Thank you for all you do.

Katherine

P.S. Practice kindness by reading, liking, commenting or sharing this post. Think about buying one of my eBooks. They cost less than a latte, last longer, and are healthier. Go to Katherine Gordy Levine’s Author Page in other to see what is available. 

P.S.S. These links are for those not familiar with Emotional Intelligence or the idea of Emotional Fitness.

BOOST YOUR EMOTIONAL INTELLIGENCE – FORGIVE

Grace is the way the universe forgives. Everyone needs forgiveness. Everyone has hurt someone; sometimes knowingly; sometimes inadvertently. Not forgiving the hurts done to you eats your heart and erodes your Emotional Intelligence. 

The essence of forgiveness involves stopping the wrongful behavior, not repeating it and making amends.  Not forgiving means carrying a painful memory around full time; some that to holding a hot ember in your heart. Not healthy.

Forgiveness does not mean approving of unacceptable behavior. Abuse can be forgiven, but never tolerated or permitted to continue. No one, child or adult can be allowed to hurt and abuse others. Forgiveness means stopping such behavior as well as ultimately letting go of the hatred and anger abuse creates.

Bishop Desmond Tutu, South African activist, said it best: “Forgiving is not forgetting; its actually remembering–remembering and not using your right to hit back.”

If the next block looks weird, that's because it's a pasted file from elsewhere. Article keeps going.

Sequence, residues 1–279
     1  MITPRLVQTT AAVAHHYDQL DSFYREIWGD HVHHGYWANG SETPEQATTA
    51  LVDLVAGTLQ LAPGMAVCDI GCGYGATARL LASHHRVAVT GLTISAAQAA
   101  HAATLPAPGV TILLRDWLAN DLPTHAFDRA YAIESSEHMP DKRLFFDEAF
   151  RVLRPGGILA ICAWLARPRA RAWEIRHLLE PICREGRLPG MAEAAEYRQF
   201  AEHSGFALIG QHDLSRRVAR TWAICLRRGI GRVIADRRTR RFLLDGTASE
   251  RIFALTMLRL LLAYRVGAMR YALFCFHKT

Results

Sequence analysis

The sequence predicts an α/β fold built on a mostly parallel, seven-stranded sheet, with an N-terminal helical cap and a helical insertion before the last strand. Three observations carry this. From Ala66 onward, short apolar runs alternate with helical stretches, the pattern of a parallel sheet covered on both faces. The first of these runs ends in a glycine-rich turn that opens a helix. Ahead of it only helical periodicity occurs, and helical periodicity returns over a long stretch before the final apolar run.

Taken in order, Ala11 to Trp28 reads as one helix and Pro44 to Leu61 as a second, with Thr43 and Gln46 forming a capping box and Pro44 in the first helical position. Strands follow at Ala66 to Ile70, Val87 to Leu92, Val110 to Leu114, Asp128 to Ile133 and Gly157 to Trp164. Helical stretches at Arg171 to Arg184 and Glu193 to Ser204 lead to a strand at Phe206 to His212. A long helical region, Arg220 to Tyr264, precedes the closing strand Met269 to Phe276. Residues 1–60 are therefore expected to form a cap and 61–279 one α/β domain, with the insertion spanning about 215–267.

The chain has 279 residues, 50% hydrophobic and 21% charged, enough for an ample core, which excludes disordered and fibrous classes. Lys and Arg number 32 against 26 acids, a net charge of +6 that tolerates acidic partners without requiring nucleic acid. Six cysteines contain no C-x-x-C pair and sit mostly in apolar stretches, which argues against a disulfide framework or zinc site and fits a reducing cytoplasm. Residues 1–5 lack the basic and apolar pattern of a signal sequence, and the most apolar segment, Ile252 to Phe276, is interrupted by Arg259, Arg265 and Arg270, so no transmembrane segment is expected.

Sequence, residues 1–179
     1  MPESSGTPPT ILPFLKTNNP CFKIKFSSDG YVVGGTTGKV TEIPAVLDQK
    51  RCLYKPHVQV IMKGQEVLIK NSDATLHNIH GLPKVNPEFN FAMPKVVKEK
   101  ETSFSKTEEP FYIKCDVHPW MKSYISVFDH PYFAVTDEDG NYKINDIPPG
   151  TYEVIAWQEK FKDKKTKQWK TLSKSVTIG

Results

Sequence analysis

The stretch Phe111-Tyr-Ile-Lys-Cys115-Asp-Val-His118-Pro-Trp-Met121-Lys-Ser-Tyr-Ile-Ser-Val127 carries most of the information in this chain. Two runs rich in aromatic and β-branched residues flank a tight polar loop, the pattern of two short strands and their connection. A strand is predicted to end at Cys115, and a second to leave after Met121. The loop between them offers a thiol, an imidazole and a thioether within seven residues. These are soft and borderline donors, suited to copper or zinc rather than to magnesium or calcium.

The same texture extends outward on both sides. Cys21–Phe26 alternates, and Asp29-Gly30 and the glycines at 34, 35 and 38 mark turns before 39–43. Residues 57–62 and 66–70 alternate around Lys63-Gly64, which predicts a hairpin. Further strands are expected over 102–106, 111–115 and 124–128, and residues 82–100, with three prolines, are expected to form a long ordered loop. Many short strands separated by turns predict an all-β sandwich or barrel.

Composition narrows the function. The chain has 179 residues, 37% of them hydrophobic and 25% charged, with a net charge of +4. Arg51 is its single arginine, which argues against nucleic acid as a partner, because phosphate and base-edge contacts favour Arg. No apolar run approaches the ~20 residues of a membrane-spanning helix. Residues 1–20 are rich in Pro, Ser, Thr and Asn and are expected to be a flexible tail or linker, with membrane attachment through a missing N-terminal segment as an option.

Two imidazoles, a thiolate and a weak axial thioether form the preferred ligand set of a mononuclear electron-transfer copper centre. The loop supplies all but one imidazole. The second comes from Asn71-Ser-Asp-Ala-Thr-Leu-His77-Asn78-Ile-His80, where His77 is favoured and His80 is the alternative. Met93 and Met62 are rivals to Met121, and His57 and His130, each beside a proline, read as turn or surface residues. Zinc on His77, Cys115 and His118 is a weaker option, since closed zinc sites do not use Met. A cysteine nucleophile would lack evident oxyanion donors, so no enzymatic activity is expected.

Part of being able to forgive yourself or another involves letting go of past pain.  Remember your brain does not want you to let go of pain because it teaches important lessons.

Pain reminds us to keep our hands out of the fire. Pain reminds us to enjoy the good when it comes. Pain reminds us to be careful about expecting more than we, or life, can deliver.

Pain also reminds us that we all make mistakes. We all need forgiveness for one thing or another. So pain hurts, but it also brings its gifts. Honor those gifts, let go of the rest.

A FORGIVENESS EXERCISE

Review the day. Examine a still painful negative from the day. Did someone treat you unfairly? Did another take without giving in return? Did someone break a promise? Betray a hope? Embarrass you in public? Say or do something cruel?

Perhaps the negative you need to let go of is some wrong you did. . Maybe you were angry or thoughtless and now regret your actions, Maybe you treated another person unfairly or too harshly. Perhaps the negative you need to let go of is some wrong you did

See the person who hurt you asking forgiveness. See the person you hurt forgiving you. Forgive all – if not completely, then as much as you can. To strengthen the power of this exercise, see the other person asking for forgiveness as a small child, chagrined and embarrassed.

If you need forgiveness, approach the person as a child. See the person you have wronged forgiving you and giving you a loving hug.  Promise to make an amends, to do better in the future and then let go.

The more you practice forgiveness and letting go the easier it will become to free yourself of past hurts.

Be assured that if you knew all, you would pardon all.

Thomas A. Kempis

Thank you for all you do.

Katherine

P.S. Practice kindness by reading, liking, commenting or sharing this post. Think about buying one of my eBooks. They cost less than a latte, last longer, and are healthier. Go to Katherine Gordy Levine’s Author Page in other to see what is available. 

P.S.S. These links are for those not familiar with Emotional Intelligence or the idea of Emotional Fitness.